Brian slotted a coin in to open the front door then walked down the drive.  Swiping his debit card, the car started.  At the end of the lane, he stopped at the toll gate, it was not change-giving but he had prepared, folding in a five pound note and dropping in a pound coin and nine pennies.  Again, he stopped at the toll gates at the beginning and end of the motorway, and at the traffic lights paid the mandatory three pounds to the windscreen washer.

Followed by this there was parking, train fare, a premium to get a seat, as he needed to sleep during the journey, a loophole the Sandmen had not yet considered.  Then at the other end he paid the platform fees.  His journey almost over and his wallet now considerably lighter, he stopped at the crossing.  The light was red.  He opened his wallet: five pounds ninety nine left, but he was also almost late and he would be hit with a fine equivalent to his morning's pay if he was late again.  He slotted a one pound coin into the slot.  The digital display flashed up: ETA for crossing 20 minutes.  He would be late.  He sighed and dropped in another coin, and again until the display showed only two minutes until crossing.  By the time he got to work he only had one pound coin left, not enough for a coffee, but enough for a small plastic cup of water.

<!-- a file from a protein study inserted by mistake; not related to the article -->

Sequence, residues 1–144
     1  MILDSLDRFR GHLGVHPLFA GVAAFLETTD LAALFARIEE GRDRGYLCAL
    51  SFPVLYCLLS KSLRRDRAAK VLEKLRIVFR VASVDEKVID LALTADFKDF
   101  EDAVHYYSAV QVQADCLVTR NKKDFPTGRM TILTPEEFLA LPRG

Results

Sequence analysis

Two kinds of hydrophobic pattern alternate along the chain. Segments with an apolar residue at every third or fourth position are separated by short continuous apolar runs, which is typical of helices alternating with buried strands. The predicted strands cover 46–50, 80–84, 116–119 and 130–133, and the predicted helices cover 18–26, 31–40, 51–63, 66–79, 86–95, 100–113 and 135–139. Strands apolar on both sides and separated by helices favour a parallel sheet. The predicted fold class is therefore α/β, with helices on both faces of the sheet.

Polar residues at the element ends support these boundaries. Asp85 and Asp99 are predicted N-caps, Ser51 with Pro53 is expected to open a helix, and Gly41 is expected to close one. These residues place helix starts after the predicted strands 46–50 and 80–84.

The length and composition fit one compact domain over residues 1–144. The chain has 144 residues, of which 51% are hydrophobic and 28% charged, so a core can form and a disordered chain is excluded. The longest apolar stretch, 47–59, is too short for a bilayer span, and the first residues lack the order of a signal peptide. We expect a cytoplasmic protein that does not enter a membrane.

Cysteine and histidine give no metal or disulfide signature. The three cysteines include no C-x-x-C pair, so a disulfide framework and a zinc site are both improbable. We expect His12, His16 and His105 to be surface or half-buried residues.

Brian worked hard in the office, so much so his wallet would fill up through the day, leaving him enough for the journey home.  When he arrived home he kissed his wife, then dropped a two pound coin in the Intimacy Tax meter.

Tim the Sandman already waited in the wardrobe, chuckling with delight at the tricks he had in store for the night.  He fumbled in his bag of musical instruments, pulling out a recorder, a trumpet and a ukulele.